New Jersey Demanded Its Counties End Their 287(g) Agreements. Three of Them Are Suing the State Instead

New Jersey Attorney General Gurbir Grewal

Monmouth, Ocean, and Cape May Counties are suing the state of New Jersey over the Attorney General’s Directive, which placed limits on the amount of aid local law enforcements could use when cooperating with immigration authorities.

Titled the “Immigrant Trust Directive,” the policy put into place by Attorney General Gurbir Grewal most recently blocked Monmouth County from participating in a federal program that trains corrections officers to determine the immigration status of jail inmates and then flags them for federal action. An earlier state directive, handed down in September, seeks to prohibit the sheriff’s departments in Monmouth and Cape May Counties from continuing the 287g agreement that has allowed some of their officers to act as immigration agents in county jails. Monmouth and Cape May Counties both renewed for a decade despite Grewal’s directive. 

Angered over the fact that they can’t jail and hold people for ICE to deport them, the counties are moving towards suing the state to continue. It begs the question how much money does ICE give to allow constitutional rights to be revoked for undocumented individuals living in New Jersey? 

The Directive’s goal, according to Grewal, “is clear—to make it easier for New Jersey’s law enforcement officers to solve crimes and ensure the safety of all 9 million people in our state by building trust with our large and diverse immigrant communities. Because of the bright line between New Jersey law enforcement officers and federal civil immigration agents, immigrants can come forward as victims and witnesses of crimes without fear of reprisal.”

Monmouth County is arguing that it is unprecedented that state officials supersede federal law, as the AG’s directive runs counter to federal Department of Justice guidance. “We wanted someone in here to make sure Monmouth County is protected and do the right thing,” Freeholder Director Tom Arnone argued, “We have never had a period of time when the (New Jersey) attorney general has made a ruling over the DOJ. Right or wrong, we are obligated to do our due diligence.”

Not surprisingly, the arguments fall back onto a rhetoric of keep citizens safer, blaming the recent bail reform in place for possibly pushing out violent offenders that could otherwise be picked up by ICE. 

While state politicians and some residents claim that the agreements keep the Monmouth County residents safe, others are against continued cooperation. The idea that immigrants commit more violent crimes has proven time and again to be false, dredged up for the purpose of justifying ICE’s cruelty and encroachment of civil liberties. Increasingly, minor misdemeanors that would land a citizen with a ticket and an uncomfortable day at court are being used as justification to deport large populations in immigrant communities, both in the state and beyond. 

It is hypocritical that those counties, who proudly harken to their Italian, Irish and immigrant roots at the drop of a hat, would whoop and holler for the ability to throw those whose histories aligned with our own in prison indefinitely. Fleeing violence, economic hardship, and increasing poverty, they’ve come into this country – and this state – to make a better life for themselves.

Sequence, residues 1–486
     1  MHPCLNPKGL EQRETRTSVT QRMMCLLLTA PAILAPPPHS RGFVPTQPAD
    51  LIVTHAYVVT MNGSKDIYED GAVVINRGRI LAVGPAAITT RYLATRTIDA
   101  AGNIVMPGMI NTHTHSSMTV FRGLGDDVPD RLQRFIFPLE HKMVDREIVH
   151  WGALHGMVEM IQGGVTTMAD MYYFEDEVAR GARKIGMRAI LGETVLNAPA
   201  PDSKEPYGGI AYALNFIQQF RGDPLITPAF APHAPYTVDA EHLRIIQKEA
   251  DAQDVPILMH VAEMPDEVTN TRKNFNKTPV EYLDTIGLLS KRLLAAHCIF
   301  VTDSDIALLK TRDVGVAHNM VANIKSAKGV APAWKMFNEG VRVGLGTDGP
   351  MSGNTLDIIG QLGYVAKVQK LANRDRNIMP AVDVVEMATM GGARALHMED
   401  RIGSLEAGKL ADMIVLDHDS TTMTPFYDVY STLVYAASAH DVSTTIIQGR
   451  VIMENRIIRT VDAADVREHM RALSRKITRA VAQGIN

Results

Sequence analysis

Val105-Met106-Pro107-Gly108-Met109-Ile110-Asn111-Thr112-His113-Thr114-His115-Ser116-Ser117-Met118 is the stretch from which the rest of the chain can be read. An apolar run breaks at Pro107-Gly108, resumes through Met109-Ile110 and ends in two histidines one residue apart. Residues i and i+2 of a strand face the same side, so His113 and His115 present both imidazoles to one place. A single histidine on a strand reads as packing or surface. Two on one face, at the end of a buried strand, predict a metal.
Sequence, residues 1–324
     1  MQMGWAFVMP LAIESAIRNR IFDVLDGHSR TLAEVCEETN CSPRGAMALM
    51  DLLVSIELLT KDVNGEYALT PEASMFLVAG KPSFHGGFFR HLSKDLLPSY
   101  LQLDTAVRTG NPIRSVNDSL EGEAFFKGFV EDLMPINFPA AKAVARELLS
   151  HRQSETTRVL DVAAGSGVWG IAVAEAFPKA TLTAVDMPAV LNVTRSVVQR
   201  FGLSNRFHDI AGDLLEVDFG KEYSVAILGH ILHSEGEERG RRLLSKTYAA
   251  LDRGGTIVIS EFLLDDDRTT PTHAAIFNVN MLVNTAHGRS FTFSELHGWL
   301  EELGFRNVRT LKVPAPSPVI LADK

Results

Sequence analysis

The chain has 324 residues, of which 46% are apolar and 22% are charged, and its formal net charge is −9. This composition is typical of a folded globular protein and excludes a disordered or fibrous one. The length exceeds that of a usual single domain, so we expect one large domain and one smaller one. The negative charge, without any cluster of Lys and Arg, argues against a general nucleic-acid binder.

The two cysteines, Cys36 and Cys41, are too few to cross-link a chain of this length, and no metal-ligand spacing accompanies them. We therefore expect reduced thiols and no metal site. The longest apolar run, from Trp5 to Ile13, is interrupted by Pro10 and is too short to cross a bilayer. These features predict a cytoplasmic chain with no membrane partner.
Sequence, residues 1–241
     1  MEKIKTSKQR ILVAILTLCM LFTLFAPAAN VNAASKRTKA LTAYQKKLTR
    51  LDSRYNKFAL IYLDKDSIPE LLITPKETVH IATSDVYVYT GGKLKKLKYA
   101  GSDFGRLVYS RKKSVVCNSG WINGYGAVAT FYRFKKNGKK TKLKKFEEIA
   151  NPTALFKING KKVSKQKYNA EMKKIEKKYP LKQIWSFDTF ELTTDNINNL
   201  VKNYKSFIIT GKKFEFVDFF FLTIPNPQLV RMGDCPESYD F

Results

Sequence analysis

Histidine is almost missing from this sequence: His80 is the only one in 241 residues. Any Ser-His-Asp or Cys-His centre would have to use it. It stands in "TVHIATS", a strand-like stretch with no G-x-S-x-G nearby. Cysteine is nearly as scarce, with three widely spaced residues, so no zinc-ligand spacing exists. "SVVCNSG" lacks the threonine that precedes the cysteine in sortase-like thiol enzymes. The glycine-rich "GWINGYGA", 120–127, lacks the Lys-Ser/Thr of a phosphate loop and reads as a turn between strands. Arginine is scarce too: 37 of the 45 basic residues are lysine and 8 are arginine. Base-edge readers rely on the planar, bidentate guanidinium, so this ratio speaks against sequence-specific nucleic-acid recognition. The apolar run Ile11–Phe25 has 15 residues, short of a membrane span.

Our families fled from the same. Fleeing economic hardships, famine, rising fascist governments and violence, they came to this country to make a better life. Now, in the face of Libertas, we’ve spit on them as violent offenders and gleefully watch them being separated from their families and loved ones. 

Have we no shame?

Never Again Action, Elizabeth, New Jersey, June 2019

(Photo Credit 1: Tariq Zehawi / Asbury Park Press) (Photo Credit 2: Facebook / Never Again Action)

New Jersey ended its contract with ICE: A week later the retaliation began

New Jersey Attorney General Gurbir Grewal announces new directive concerning collaboration with ICE

On Thursday, November 29, NJ State Attorney General Gurbir Grewalannounced the implementation of new guidelines in New Jersey’s cooperation with ICE. His new directives curtailed local police’s ability to inquire about someone’s immigration status and turn undocumented immigrants over to immigration officials for deportation. The AG said the policy shift is to ameliorate relations between police officials and the immigrant communities where they serve: “No law-abiding resident of this great state should live in fear that a routine traffic stop by local police will result in his or her deportation from this country.”

Yes, it is that easy for states and local municipalities and cities to end their cooperation with ICE. 

Under the new rules, New Jersey police cannot stop or detain anyone based on their immigration status, nor can they ask the immigration status of anyone unless it is part of an ongoing investigation into a serious criminal offense. Further, police cannot participate in ICE raids, and ICE cannot utilize state or local resources. 

The new policy has been the keystone of the Murphy administration, which has been working on revamping police guidelines regarding undocumented immigrants since shortly after he was elected, and said he would make New Jersey a “sanctuary state” during his campaign.

True to its authoritarian nature, a week later, in response to the new directives, ICE conducted “at-large” arrests. In one of the largest raids in the history of New Jersey, officials on Friday announced the arrest of 105 peopleover a five-day period. They began literally right after the Attorney General released the new directive.